Lessons for Up and Coming DJ's Part 2 - Maximise Your Earning Potential & Stamp Your Brand on Them!

Kenny Gamble shares some invaluable anecdotes & tips on His road to DJ Stardom.

Many folks wondered and asked me how did I survive just playing afternoon sessions?

That's because they didn't see me on Weekend nights at one of the many venues in H. Truth is, I had lots to do which got me more money. I already explained my preference for door percentage deals and only Session offered those, well to me at least. But here is what else kept me busy.

I had a mobile set named Blast 2000 Disco, which I bought even before I knew how to jam. Got it from Radio Limited corner Angwa and Nelson Mandela Avenue, named Baker Avenue back in the day.  It was also the street where I had my first job as a filing clerk at the Rapid Results College in Michael House I think it was.

So my first source of income was my mobile set which I used to do social events like weddings and parties at various venues wherever the people hiring me were hosting their function. The charge there was $600 back in the day. It was the equivalent of USD$600, that makes it R9000 per gig. The mobile set eventually grew into 3 sets which could take 3 bookings at one time. So a Saturday night meant 3 x R9000 in todays money. = R27 000. Saturday night done and dusted.

I would play the 1st and 2nd hours at one wedding, the 3rd and 4th hour at another and the 5th 6th hours at the last whilst my 3 different assistants would do the rest of the gig. Folks wanted to see KG so their booking stated my set would be there all night but I would be playing personally only for 2 hours each. That way


In the afternoon my 50% of door produced another 500 folks paying R5 each I think equaiilng $2500 divided by 2 = $1250 for 6 hours work. Pay = R18750 (exchange rate of R15)

About 1 Saturday morning of the month I would do a record shop album launch or promo between 10am and 12pm, or possibly about 2 corporate gigs during the week. That’s 3 more at $600 = $1800 x 15 todays rand rate = R27000.

At this time almost no other DJ's had an agent or did corporate shows so I practically had free reign.

That makes the weeks total income = R72,750.

Off course it would fluctuate given the seasonal and economic realities. It would be safe to say we can average it to R60k giving u income of R240k per month, give or take a bob or two.

Now u can see I had no need to play night scene for a static Z$850 per night all night. Would have been a monumental waste of time.

So a DJ who is professional and determined to maximize income CAN do it. You just need to focus and know who your target market is. You also need a good agent and vary your offering to those markets. I would play one genre today and another tomorrow. At some u must look corporate and smart and at others u can look as cool as you like. But you must always be professional.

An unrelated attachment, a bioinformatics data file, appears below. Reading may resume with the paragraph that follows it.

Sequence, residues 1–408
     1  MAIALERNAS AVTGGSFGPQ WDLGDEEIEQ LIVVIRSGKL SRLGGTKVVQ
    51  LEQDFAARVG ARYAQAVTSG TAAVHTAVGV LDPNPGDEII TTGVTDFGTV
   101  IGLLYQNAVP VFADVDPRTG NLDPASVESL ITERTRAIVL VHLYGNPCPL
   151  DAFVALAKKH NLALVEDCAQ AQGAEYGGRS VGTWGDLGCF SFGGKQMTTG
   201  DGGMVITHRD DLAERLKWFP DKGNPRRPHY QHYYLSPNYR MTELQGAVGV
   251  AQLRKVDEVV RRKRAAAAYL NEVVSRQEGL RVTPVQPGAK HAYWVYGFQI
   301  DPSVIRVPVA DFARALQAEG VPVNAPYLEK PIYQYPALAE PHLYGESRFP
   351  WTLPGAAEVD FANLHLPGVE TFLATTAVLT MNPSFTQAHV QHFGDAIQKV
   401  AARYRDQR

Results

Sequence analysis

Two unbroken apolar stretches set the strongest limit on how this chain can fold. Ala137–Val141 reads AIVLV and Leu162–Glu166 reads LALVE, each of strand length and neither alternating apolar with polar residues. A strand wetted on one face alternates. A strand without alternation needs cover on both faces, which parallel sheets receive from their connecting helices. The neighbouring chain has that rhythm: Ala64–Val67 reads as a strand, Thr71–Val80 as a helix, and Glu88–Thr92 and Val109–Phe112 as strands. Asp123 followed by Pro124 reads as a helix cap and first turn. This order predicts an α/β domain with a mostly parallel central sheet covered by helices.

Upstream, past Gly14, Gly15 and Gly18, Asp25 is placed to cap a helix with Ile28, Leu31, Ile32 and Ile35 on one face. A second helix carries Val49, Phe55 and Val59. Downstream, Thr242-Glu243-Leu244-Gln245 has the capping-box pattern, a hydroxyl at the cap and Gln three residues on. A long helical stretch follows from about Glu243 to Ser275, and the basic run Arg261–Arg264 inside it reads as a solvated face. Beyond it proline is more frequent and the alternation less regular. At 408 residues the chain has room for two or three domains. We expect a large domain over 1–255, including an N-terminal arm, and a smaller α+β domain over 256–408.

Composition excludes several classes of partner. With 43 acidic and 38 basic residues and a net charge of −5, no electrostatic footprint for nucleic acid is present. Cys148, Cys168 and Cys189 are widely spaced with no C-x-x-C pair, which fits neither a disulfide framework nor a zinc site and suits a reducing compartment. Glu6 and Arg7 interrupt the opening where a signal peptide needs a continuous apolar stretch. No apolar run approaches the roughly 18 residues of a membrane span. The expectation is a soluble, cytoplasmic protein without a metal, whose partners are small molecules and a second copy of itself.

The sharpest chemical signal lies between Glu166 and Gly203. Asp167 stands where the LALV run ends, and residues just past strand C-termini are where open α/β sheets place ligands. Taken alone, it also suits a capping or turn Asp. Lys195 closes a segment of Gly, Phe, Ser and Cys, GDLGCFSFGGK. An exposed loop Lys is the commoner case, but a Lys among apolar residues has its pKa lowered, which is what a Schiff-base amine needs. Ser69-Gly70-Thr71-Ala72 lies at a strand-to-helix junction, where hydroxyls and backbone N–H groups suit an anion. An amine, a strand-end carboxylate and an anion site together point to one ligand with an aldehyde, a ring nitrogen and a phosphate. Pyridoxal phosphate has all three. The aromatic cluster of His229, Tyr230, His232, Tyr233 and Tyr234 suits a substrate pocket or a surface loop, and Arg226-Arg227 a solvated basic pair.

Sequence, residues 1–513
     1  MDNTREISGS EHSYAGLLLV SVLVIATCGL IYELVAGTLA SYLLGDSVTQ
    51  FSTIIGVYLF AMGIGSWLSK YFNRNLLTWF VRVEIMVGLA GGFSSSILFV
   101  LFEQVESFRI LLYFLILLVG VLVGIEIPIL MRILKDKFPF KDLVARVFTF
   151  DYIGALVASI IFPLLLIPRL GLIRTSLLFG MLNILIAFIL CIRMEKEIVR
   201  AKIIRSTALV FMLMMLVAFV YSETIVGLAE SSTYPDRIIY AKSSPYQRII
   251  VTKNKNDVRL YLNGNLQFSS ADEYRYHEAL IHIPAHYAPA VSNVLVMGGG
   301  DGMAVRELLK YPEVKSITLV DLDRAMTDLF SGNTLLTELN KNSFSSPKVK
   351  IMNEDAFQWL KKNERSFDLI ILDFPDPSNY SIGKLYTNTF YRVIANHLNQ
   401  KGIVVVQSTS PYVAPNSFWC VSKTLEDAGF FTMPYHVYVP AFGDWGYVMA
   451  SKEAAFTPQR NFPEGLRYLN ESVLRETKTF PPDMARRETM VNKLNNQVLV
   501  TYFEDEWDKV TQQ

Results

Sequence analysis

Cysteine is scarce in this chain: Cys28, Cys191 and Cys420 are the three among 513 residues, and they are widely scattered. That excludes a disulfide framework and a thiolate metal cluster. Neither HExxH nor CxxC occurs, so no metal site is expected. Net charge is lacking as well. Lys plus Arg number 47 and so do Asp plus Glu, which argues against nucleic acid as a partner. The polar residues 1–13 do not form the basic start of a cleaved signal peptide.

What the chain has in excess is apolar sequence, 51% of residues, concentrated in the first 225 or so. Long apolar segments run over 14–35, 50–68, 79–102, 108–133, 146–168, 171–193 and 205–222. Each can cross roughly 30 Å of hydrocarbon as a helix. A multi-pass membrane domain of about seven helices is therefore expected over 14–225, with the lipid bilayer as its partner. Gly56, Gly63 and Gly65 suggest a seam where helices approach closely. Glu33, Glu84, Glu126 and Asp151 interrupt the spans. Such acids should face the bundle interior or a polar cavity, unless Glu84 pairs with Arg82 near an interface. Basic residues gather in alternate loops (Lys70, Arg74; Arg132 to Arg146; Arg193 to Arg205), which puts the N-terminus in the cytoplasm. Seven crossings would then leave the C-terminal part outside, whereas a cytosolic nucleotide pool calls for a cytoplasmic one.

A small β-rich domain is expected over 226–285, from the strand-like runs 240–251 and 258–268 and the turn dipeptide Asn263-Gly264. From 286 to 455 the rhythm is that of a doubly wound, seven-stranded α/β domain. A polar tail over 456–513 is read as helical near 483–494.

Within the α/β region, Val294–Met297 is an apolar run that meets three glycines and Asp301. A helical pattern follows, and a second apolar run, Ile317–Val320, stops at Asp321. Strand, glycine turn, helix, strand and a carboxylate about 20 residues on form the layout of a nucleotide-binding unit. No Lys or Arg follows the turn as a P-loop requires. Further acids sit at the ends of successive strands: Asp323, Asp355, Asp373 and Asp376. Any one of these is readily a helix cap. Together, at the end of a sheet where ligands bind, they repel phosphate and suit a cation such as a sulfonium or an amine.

MARKETING YOUR SELF

Your marketing material must also be spot on. Every function u should have your branding all over. These days pop up pro banners are the latest but we had cloth banners done which hung in front of the DJ Table or stand, with business cards or leaflets on guest tables. I gave away albums etc in exchange for business cards from where I would draw a lucky winner. Then I would work those business cards during the week and ask for recommendations of family and friends numbers. Long before direct marketing was here, I was doing it already.  

So you can see that mine was a career choice which I paid the utmost attention to. Everyone who came to the DJ Box was greeted courteously and I believe I had the most loyal following and best fans of any of my contemporaries. My fans knew they would dance till they drop. I left everything in that DJ Box. Even night time groovers began coming to my Sessions including their big name DJ's!...My total application to my craft packed the place. You can too if you are SERIOUS and respect your folowers. Whilst they were getting down bi time, I sacrificed my teenage years to make sure I provide the backtrack to their memories. I seldom got a chance to do the same.

Do you all you can to market yourself. These days there a million avenues open to enhance your brand and improve your income. But you have to master your craft. Know your music, your audiences. They are not there to hear you play what YOU love but what THEY want.

Introduce new songs regularly according to their tastes, Be the go to guy and try new stuff. I recall I was the first to introduce the music of Brenda Fassie whom every one thought was an American. I was also the first to play Holiday by Madonna. Those days I had 2 Air Zim airhostesses who made sure I got the latest releases from London a couple of hours after they were released there. Zim Clubs are not like SA ones where they play the same old music for decades. Vist any of them and you will still hear Heaven Must be Missing an Angel, a 70's song. In Zim and beyond folks want whats new NOW. I loved the DJ Scene there. Very often clubs didn't even bother to get a band coz the DJ was a revered role. So stay in the lead, innovate. Let them know that you, the DJ, are the one who keeps the party humming.

Next Week I shall share how a DJ attraction packs a basketball court jam whilst luxurious and beautiful clubs with no name brand DJ's will stay empty. I did it. So I know how its done. I will also share with you who I considered a worthy rival and my opinion on my contemporaries. Some interesting feuds and beef with the big names will also be included.